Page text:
Portable, gas-powered generators are must-haves for many homeowners in places prone to inclement weather and power outages. These fuel-driven sources of energy can come in handy and temporarily power your home’s critical appliances, but improper use can do much more harm than good.
Read further to learn eight portable generator safety tips for smart, safe, and secure use of your gas-powered generator.
What Is a Portable Generator?
A portable generator is a compact, mobile device that produces electricity to power several electrical appliances and tools when access to a traditional power source is unavailable due to events like natural disasters or electrical outages.
Typically, a generator producing 5,000 to 7,500 watts is sufficient to run a household. This capacity can support devices like:
- Air conditioners
- Sump pumps
- A few light bulbs
What Is the Generator Safety Rule?
The number-one generator safety rule is to never operate a generator indoors or in an enclosed space.
Generator exhaust contains high levels of carbon monoxide (CO), which can be poisonous—and even deadly—if inhaled or ingested.
Because you can’t see, smell, or taste it, CO circulating in enclosed spaces, like your home or garage, is very dangerous.
To practice maximum safety and minimize the risk of carbon monoxide (CO) poisoning, generators must be used outdoors in well-ventilated areas, at least 20 feet away from open windows or doors.
You may also consider installing carbon monoxide detectors throughout your home.
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8 Portable Generator Safety Tips
Before you start operating your portable generator, take all the proper precautions. Check out these tips for safe handling.
1. Follow the owner's manual.
Reading the owner's manual for your portable generator is crucial for safety, correct operation, and maintenance. It should come with the generator and provide key information on:
- Fuel requirements
- Load capacity
- Warranty details
- Legal compliance
- Manufacturer-specific features
In emergencies, knowing everything specified in the owner’s manual is important for quick and effective use of the generator.
2. Only operate it under dry conditions.
Generators are powerful little machines, but they aren’t invincible. Water can seep into the outlets or engine and end up frying your entire electrical system.
Therefore, keep your generator in a dry, covered area, whether in use or storage.
3. Don’t backfeed.
Don’t attempt to power your house by “backfeeding” your generator directly to your home’s electrical system.
Done by tying the power source of the generator to your home's electrical panel via an extension cord so it’s not running on fuel, backfeeding is extremely risky.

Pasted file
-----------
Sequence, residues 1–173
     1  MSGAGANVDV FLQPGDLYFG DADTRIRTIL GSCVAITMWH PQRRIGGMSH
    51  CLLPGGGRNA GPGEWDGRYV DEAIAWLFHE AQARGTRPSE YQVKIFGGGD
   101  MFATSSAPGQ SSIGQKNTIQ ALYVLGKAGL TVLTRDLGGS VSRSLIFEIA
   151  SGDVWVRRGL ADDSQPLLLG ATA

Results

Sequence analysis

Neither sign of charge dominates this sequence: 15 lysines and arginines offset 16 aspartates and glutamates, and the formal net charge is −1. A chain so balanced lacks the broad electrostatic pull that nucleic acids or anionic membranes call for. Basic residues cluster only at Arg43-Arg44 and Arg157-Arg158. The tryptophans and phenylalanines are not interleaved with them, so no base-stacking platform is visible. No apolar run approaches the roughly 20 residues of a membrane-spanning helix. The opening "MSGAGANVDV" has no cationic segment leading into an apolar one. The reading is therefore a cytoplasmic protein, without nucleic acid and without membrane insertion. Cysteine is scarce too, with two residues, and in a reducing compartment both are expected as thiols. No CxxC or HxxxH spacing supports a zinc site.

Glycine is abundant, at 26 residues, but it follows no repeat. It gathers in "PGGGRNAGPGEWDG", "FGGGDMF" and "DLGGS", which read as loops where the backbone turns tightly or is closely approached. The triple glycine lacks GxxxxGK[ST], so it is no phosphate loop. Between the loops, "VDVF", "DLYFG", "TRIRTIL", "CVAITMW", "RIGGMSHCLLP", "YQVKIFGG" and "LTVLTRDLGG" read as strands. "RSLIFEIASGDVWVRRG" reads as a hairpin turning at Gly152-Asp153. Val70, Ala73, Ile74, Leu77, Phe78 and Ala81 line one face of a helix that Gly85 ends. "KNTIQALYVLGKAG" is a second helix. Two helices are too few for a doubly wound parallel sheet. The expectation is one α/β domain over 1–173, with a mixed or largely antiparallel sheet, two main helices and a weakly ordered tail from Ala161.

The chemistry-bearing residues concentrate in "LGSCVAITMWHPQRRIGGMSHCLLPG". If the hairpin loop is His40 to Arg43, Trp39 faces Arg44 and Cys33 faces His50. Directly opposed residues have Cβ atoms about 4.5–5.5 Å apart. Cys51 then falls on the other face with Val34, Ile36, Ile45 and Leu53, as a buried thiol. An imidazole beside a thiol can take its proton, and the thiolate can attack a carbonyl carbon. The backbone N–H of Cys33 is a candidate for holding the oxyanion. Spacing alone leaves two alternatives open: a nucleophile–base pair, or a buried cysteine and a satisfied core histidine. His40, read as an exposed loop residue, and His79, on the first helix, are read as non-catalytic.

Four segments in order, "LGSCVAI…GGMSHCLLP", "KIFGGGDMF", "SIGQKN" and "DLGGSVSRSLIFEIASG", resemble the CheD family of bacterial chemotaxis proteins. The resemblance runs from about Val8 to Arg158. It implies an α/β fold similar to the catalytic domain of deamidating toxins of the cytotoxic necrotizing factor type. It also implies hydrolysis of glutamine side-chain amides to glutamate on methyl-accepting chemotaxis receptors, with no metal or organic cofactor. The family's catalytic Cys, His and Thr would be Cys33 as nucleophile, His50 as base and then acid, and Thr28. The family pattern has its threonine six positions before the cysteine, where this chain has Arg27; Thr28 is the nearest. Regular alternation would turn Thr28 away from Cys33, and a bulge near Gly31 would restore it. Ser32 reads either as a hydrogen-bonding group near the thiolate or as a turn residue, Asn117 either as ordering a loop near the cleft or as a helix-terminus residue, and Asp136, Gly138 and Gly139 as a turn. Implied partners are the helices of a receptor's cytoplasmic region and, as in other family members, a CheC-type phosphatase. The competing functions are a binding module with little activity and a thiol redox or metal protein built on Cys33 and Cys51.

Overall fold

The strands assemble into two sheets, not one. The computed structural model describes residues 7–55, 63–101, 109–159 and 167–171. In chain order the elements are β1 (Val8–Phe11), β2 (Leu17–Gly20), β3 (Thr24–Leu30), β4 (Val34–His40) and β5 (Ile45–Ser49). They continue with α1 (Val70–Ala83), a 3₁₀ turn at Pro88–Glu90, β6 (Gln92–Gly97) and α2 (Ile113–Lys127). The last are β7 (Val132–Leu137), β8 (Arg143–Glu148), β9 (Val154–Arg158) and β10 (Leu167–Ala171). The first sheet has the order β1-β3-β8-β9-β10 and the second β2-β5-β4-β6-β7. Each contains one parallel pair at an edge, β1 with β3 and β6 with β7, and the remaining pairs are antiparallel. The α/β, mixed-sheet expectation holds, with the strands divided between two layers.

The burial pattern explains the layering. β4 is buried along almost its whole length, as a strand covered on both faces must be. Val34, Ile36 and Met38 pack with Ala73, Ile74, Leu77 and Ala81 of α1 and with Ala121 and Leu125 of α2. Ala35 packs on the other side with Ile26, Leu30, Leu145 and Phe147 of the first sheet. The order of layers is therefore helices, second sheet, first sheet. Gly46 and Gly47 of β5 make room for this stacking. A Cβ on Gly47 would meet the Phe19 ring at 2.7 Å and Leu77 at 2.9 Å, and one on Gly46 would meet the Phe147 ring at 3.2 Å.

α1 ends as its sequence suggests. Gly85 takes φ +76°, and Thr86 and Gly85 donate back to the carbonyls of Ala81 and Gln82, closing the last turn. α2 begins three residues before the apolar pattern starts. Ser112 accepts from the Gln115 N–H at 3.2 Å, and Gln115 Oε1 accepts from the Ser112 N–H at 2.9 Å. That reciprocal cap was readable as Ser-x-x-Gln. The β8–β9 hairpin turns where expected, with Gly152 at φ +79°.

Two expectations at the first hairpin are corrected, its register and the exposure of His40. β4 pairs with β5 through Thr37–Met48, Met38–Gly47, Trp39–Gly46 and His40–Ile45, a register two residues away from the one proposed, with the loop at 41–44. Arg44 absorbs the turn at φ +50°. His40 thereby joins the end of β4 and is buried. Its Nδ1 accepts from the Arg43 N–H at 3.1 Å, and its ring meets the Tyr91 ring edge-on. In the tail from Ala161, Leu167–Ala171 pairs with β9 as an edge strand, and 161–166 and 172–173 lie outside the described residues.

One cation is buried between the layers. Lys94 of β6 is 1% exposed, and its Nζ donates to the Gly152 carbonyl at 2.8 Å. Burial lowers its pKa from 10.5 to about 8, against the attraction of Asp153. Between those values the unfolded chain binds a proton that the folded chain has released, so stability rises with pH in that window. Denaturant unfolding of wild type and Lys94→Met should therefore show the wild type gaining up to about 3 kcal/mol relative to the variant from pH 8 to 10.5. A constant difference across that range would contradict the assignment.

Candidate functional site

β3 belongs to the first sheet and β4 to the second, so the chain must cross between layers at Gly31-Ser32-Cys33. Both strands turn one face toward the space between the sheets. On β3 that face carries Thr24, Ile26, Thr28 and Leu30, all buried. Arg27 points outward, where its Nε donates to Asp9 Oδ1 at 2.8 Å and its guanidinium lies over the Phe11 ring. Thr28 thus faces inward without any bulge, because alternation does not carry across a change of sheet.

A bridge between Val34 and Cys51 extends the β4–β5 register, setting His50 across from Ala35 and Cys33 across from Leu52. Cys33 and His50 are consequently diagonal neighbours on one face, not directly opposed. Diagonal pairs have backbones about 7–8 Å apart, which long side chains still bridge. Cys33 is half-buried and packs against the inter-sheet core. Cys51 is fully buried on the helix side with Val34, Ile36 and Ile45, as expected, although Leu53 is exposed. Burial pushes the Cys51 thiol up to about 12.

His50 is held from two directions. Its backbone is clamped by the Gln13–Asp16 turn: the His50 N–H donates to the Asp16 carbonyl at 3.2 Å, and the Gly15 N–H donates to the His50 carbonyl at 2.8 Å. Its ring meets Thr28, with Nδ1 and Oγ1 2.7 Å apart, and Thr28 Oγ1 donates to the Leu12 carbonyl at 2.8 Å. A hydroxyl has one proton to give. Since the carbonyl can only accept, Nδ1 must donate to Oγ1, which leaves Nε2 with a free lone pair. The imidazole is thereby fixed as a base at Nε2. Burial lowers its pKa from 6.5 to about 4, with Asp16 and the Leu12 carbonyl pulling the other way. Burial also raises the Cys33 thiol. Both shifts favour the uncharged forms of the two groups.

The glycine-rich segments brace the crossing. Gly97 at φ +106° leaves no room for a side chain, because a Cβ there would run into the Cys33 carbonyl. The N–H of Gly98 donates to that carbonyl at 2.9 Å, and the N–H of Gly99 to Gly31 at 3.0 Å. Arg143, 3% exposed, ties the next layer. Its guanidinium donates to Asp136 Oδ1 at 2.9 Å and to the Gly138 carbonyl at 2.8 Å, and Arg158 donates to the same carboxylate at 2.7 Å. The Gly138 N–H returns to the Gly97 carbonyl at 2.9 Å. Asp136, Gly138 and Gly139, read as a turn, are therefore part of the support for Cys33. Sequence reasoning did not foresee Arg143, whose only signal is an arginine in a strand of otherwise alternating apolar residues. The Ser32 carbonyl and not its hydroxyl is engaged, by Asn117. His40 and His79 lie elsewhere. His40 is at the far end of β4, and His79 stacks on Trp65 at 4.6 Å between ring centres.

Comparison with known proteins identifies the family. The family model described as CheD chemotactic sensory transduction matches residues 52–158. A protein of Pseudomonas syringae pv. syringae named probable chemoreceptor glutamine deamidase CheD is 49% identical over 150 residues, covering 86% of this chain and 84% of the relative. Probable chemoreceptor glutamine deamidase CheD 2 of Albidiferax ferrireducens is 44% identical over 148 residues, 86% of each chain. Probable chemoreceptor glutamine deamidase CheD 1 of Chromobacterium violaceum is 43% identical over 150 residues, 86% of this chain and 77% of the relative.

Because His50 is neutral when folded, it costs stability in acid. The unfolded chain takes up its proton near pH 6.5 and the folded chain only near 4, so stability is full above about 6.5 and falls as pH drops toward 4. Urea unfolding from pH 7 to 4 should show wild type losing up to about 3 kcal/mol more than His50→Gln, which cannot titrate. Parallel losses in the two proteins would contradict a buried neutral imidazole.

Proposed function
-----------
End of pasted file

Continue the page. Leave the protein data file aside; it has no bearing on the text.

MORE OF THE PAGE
A qualified electrician is the only person who can safely connect a generator to house wiring.
4. Invest in a voltage regulator.
Consider using a voltage regulator to stabilize the power output, especially if you're running sensitive electronics, such as computers and televisions.
A voltage regulator is like a traffic controller for electricity, ensuring a steady and safe flow of power to your devices. It prevents electrical fluctuations and keeps the voltage at a constant level, protecting your appliances from damage.
5. Refuel it properly.
Most generators need their oil and filter changed every 50 to 60 hours. Prior to refueling, be sure to shut your generator completely off.
Allow plenty of time for it to cool down, as fuel can catch on fire when added to a hot engine.
6. Perform maintenance.
Regularly check your generator for any visible signs of damage, such as cracks, dents, or loose components. Inspect for leaks, including fuel or oil leaks, as these can pose serious safety hazards and compromise the generator's efficiency.
Pay attention to wear and tear on components like belts, hoses, and electrical connections. Frayed wires or worn-out parts can lead to malfunctions or failures during operation. Addressing these issues promptly not only extends the lifespan of your generator but also helps maintain its optimal performance.
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7. Store & dispose of fuel correctly.
Always drain the gasoline from the generator before storing it. Look for a hazardous waste disposal center to get rid of leftover gasoline, or reach out to your local fire department for more information.
Some laws may restrict fuel storage. If your area permits it, store new fuel in an approved container separate from your generator and outside your home.
Regular gasoline typically lasts for three to six months. You’ll know fuel is bad when the smell changes, it becomes discolored, or water is present.
You should prioritize safety, and if you have any doubts or concerns, consult with a professional or the generator manufacturer for guidance.
8. Remember, it’s a temporary solution.
While gas-powered portable generators are incredibly useful, they aren’t meant to be used long-term.
Depending on the size and type, many generators can power your home’s essential electronics for around 15 hours.
A diesel standby generator is a better choice if you need to run your generator for an extended period.
Be Ready and Prepared, The Right Way
Being prepared means more than just having a generator; it's about understanding and using safety measures. With the tips above, you can confidently use your generator in emergencies. For extra readiness, check out the best hurricane preparedness tips before the season starts.